The news that the University of Colorado Boulder has created an Office of Industry Collaboration may send shivers up a few faculty spines, conjuring images of selling the university to the highest bidder, compromising academic freedom in the name of the almighty dollar, or allowing sponsoring companies to squelch research findings they don’t like.
Indeed, when CU officials announced the creation of a “Strategic Advisory Council” largely populated with current and former business executives and venture capitalists last April, it raised red flags with some faculty who feared that major corporations, in exchange for their investments, might try to exert influence on the faculty-controlled curriculum or prevent the publication of undesirable study results, for example.
“You sign an agreement that gives the corporation that’s sponsoring the research final right of refusal to not let it be published,” Math Professor Marty Walter told BW at the time. “If the results don’t come out the way Exxon or Monsanto would like them to come out, then it doesn’t get published. … Even if you don’t sign something like that, it can be made very clear that if you want more funding, you better try to cooperate. … I think the university will say that [academic freedom] is what they are dedicated to, but you wave a few million dollars in front of them, I think that probably might change their mind.”
But CU leaders insisted that the university would never make such compromises, despite the increasingly dire financial situation CU faces thanks to state funding levels that have dwindled to a trickle over the past 15 years, as well as increasing competition for declining federal grant funding.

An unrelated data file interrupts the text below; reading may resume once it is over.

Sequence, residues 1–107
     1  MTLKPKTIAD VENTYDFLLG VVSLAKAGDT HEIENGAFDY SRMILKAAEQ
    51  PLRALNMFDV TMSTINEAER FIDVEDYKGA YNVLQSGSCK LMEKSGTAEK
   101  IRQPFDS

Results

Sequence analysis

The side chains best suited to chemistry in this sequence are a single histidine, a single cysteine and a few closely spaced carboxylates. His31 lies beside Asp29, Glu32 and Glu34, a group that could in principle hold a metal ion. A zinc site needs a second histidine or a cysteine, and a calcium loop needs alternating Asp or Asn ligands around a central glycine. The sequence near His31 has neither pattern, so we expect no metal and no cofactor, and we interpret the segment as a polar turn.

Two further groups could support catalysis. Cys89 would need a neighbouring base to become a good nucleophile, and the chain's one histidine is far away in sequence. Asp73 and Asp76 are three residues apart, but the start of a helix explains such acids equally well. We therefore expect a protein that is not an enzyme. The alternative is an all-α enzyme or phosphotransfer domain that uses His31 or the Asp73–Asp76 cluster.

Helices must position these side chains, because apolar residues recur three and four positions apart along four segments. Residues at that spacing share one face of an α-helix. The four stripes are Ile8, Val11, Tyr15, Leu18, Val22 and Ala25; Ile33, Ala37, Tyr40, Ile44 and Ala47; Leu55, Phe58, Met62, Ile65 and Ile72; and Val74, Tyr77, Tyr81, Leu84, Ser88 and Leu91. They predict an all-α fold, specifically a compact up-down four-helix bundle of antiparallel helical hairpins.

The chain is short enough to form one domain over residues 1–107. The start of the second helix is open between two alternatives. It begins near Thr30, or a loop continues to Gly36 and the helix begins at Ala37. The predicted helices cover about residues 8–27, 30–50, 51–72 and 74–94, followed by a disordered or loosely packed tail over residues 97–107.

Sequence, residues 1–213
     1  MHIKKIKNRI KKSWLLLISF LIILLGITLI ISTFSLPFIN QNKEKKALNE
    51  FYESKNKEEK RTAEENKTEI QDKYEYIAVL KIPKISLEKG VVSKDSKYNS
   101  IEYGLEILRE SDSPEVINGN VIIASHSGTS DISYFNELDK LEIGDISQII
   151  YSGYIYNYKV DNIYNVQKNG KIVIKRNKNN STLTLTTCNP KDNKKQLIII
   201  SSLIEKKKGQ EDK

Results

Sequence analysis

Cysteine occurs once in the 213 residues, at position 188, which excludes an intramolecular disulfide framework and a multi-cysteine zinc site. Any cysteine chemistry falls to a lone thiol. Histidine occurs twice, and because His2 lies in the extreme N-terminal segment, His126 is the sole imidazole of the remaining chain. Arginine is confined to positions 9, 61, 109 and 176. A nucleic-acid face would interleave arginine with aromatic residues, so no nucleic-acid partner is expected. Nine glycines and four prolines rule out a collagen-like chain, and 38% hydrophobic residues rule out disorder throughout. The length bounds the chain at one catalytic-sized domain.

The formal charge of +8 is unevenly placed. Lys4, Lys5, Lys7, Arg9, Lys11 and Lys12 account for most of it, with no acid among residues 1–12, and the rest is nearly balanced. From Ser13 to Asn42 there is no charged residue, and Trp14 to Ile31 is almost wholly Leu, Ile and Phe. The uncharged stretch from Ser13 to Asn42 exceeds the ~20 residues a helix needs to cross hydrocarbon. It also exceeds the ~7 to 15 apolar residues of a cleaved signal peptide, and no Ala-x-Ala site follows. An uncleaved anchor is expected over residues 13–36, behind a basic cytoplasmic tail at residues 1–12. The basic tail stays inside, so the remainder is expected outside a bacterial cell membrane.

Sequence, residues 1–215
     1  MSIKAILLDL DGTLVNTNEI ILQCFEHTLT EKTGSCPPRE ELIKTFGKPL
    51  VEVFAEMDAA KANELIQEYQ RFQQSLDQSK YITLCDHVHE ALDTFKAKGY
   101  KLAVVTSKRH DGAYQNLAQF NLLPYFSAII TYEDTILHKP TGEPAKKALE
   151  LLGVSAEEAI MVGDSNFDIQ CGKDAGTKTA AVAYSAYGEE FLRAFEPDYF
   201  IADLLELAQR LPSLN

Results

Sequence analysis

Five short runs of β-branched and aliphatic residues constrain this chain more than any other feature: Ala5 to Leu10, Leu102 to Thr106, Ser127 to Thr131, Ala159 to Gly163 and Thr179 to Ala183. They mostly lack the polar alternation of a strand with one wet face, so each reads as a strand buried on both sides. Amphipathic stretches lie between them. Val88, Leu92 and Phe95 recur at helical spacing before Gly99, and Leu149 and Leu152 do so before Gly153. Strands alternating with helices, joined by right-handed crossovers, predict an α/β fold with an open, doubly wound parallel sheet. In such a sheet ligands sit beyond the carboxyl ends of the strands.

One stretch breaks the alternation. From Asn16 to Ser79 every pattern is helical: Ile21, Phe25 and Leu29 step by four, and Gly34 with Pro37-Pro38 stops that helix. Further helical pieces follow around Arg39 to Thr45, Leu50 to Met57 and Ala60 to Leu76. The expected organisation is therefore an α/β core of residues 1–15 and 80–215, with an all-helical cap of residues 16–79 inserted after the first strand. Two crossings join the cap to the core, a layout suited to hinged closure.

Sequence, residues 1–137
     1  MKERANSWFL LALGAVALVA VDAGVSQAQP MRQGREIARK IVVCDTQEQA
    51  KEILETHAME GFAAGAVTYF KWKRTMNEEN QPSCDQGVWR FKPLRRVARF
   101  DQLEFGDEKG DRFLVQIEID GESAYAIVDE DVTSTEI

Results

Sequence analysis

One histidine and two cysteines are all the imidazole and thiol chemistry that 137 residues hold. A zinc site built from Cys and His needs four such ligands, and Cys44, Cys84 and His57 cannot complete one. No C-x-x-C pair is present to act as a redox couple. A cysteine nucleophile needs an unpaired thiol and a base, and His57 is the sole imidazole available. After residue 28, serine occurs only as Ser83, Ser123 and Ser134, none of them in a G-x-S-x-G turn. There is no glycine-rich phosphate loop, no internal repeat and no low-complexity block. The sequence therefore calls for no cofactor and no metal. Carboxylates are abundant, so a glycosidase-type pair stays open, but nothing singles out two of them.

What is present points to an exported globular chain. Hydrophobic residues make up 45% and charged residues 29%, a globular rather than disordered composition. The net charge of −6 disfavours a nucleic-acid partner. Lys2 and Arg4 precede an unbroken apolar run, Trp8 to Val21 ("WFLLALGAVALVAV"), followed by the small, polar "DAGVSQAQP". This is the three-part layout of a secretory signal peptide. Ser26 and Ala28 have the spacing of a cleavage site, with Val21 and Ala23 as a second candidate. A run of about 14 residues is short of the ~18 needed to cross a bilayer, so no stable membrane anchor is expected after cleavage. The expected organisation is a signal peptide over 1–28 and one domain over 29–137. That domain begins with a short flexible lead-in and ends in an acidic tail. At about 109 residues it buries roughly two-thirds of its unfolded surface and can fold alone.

Similarly, Caroline Himes, the person hired to be director of CU’s Office of Industry Collaboration this summer, is assuring faculty that her effort to increase industry involvement with — and funding for — the university won’t result in the corporatization of CU or its research.
While she acknowledges that there can be “natural conflicts” because “the goals of industry are different than the goals of a university,” she says the National Academies’ University-Industry Demonstration Partnership has developed some template agreements that “don’t compromise the values of either group.” It benefits the university to refer industry to this national organization’s models because “it’s not just CU being difficult,” Himes explains.
She says a company might ask to see research results before they are published, to see if anything should be patented before it goes public, for instance, but it would never be permitted to change or squelch any of those findings.
Depending on the nature of the research, agreements with industry are sent through one of three CU offices, and Himes says each has strict parameters on what is permitted. Any request to deviate from those parameters or create an exception must be reviewed by CU’s Standing Committee for Restricted, Proprietary and Classified Research, she explains, “and it’s only done with an awful lot of thought and discussion.”
According to Linda Morris of the CU Office of Research Administration and Support, there have been 24 waivers of the university’s policy on restricted, proprietary and classified research issued since 2004.